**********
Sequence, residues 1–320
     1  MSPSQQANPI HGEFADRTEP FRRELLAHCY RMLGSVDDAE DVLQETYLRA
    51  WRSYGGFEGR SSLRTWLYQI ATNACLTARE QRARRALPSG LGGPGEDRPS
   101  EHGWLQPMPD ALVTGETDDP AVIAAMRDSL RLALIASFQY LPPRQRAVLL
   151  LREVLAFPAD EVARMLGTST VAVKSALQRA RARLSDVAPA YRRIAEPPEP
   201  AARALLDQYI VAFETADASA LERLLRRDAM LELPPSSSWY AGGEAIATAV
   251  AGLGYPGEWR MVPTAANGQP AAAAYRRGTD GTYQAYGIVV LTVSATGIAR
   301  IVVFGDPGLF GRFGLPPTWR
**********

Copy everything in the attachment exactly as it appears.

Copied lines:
Sequence, residues 1–320
     1  MSPSQQANPI HGEFADRTEP FRRELLAHCY RMLGSVDDAE DVLQETYLRA
    51  WRSYGGFEGR SSLRTWLYQI ATNACLTARE QRARRALPSG LGGPGEDRPS
   101  EHGWLQPMPD ALVTGETDDP AVIAAMRDSL RLALIASFQY LPPRQRAVLL
   151  LREVLAFPAD EVARMLGTST VAVKSALQRA RARLSDVAPA YRRIAEPPEP
   201  AARALLDQYI VAFETADASA LERLLRRDAM LELPPSSSWY AGGEAIATAV
   251  AGLGYPGEWR MVPTAANGQP AAAAYRRGTD GTYQAYGIVV LTVSATGIAR
   301  IVVFGDPGLF GRFGLPPTWR